THE

TAKEAWAY:

Packaged foods can be great when you are in a rush or too tired to cook, but learn to spot the good from the bad by choosing foods with minimal ingredients, additives, sugars, preservatives, refined grains, fats, oils, colors, and last but not the least, ingredients derived from animals.

All packaged foods are not created equal. We want to empower you to become a savvy shopper and learn to read nutrition labels like a ninja!

So, flip that packaged product around and check out the nutrition label (required to be printed on all food sold in the United States)

To make the process of reading labels easier, remember the following rules:

  • Less is More: The fewer ingredients the better the product. (Unless you are looking at a bottle of shortening – made from hydrogenated coconut or palm kernel oil. That is the bad stuff)
  • Animal Ingredients: Avoid anything that contains animal ingredients (derived from meat, dairy, or egg).
    • An easy trick for this is to look at the allergen warning. If a product contains dairy, egg, or other common allergens, like wheat, there will be a capitalized “CONTAINS:______” warning at the bottom of the nutritional fact panel
    • These ingredients are generally hidden with names like casein  (from dairy) lactose (from dairy) whey (from dairy), elastin, keratin, gelatin and many more. Refer to the graphic of animal ingredients for more information.
  • Refined Grains: When buying bread, pasta, crackers or any grain-based product, avoid products made of refined grains. The best way to ensure this is to look for the words “whole”, “sprouted”, “cracked”, “stone-ground”, “sprouted” and “rolled”.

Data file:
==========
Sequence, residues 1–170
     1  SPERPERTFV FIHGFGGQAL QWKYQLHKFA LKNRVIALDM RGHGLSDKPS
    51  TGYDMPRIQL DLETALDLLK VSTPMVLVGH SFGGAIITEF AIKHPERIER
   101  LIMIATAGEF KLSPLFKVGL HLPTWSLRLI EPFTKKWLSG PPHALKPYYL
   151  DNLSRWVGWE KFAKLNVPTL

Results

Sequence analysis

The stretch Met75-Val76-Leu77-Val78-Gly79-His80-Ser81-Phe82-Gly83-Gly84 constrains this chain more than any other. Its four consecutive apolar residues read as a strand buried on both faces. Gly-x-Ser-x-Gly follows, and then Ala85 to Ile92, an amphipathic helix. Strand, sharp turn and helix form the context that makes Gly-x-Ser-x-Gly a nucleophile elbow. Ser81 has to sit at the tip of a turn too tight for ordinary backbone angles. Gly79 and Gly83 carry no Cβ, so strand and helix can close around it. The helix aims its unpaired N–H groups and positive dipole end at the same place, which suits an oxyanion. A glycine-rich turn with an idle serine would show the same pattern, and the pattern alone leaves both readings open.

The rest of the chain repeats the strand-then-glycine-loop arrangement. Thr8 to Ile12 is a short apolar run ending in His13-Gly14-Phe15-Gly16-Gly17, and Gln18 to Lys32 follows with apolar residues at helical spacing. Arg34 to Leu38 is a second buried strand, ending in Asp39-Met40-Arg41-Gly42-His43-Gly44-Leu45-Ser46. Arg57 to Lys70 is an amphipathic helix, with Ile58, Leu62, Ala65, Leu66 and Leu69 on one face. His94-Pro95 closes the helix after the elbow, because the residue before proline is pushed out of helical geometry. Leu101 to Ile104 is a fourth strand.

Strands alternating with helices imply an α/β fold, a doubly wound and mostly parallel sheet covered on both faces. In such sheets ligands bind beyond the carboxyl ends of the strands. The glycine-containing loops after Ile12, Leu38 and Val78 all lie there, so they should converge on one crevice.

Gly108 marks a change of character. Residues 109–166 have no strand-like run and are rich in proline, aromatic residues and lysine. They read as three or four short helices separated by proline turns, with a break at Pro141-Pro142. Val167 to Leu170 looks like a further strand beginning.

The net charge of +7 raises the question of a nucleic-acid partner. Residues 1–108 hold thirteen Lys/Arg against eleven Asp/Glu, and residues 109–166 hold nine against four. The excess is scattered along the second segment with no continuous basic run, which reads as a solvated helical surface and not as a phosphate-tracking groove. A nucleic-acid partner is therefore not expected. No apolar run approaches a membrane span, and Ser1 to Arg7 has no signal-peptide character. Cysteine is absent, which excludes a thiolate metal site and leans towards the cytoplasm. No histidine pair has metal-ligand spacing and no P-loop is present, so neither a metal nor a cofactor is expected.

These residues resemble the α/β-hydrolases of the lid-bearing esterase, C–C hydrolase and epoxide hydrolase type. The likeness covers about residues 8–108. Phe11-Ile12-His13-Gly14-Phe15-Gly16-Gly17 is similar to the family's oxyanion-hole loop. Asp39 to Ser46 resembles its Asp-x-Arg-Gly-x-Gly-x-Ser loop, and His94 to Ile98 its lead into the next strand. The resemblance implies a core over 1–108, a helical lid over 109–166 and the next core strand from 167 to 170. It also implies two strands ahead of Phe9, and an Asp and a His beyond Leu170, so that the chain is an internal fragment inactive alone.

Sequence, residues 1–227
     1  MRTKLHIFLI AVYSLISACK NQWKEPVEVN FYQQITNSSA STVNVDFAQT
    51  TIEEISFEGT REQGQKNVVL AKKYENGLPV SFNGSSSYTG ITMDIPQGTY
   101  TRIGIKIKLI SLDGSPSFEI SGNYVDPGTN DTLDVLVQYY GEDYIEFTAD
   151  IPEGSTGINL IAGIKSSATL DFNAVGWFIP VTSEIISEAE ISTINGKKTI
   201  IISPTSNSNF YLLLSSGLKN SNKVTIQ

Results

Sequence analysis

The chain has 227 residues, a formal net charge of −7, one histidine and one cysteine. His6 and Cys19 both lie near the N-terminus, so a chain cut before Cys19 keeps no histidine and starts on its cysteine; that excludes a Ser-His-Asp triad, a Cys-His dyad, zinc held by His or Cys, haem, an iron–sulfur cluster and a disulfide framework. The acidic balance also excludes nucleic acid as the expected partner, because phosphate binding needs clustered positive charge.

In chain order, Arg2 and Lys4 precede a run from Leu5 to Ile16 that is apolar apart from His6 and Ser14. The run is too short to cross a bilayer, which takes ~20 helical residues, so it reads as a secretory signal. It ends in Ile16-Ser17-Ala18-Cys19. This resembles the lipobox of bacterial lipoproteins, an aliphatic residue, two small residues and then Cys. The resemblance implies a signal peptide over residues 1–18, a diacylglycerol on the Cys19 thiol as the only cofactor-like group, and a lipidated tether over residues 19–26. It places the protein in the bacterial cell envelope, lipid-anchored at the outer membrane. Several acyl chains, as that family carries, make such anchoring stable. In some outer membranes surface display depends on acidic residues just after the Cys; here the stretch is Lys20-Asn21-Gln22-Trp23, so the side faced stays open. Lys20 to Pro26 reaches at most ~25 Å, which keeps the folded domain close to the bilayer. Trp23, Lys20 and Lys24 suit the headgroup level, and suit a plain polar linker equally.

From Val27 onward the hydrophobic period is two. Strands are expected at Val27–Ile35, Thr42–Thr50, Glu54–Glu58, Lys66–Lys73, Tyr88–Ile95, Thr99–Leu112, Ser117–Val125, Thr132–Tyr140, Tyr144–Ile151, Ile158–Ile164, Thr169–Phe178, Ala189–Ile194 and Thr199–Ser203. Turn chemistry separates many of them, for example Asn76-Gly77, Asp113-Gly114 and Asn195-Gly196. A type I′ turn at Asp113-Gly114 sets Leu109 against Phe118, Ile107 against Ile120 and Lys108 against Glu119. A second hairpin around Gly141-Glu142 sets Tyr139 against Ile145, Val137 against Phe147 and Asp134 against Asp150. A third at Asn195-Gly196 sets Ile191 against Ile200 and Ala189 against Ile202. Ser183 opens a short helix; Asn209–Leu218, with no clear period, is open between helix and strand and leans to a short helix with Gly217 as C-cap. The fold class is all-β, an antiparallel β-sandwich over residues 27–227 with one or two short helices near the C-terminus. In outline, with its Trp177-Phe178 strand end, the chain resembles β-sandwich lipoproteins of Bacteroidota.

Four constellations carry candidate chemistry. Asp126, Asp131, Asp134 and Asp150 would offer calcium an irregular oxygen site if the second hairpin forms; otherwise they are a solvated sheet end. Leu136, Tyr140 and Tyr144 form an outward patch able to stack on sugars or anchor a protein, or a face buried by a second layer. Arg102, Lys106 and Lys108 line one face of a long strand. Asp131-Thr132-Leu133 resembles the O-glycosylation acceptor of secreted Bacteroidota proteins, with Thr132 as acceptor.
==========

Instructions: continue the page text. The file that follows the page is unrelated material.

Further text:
• If they are missing, chances are the product contains refined grains. If the label says “enriched” and “fortified” it is likely refined.
  • Fats: Ensure that the product contains no trans fat, as well as no cholesterol.
  • Added Sugar: There are at least 61 different names for sugar listed on food labels. Some common names to look out for include dextrose, fructose, lactose, maltose, fruit juice concentrates, glucose, cane sugar, corn sweetener, corn syrup, corn syrup solids, evaporated cane juice, high-fructose corn syrup, etc.
    • Avoid the artificial sweetener, Aspartame.
  • Additives and Preservatives: Avoid foods with additives and preservatives, including sulfites.
    • Names like sulfite/sulphite, bisulfite, metabisulfite, or hydrogen sulfite or sulfur dioxide. Also, keep an eye out for potassium bromate, monosodium glutamate hydrogenated or partially hydrogenated oils, and sodium benzoate (a common preservative often found in prepared salad dressings, juices, etc)
  • Artificial colors:  Yellow No. 5, Red Dye No. 2, Blue #1 and Blue #2, and Red Dye #40, Yellow #6 and Yellow Tartrazine
  • Serving Size: Check the serving size so you can get a better sense of how large (or how small) one serving size is compared to its caloric density and nutrition value. Food manufacturers tend to divide contents into smaller sizes to make the numbers look healthier.
  • Fiber: Try to choose foods with plenty of fiber (at least 2-3 grams per serving).
  • Oil: Oil is a refined food, so try to limit that as much as possible.

If you remember only one thing for today: Packaged foods can be great when you are in a rush or too tired to cook, but learn to spot the good from the bad by choosing foods with minimal ingredients, additives, sugars, preservatives, refined grains, fats, oils, colors, and last but not the least, ingredients derived from animals.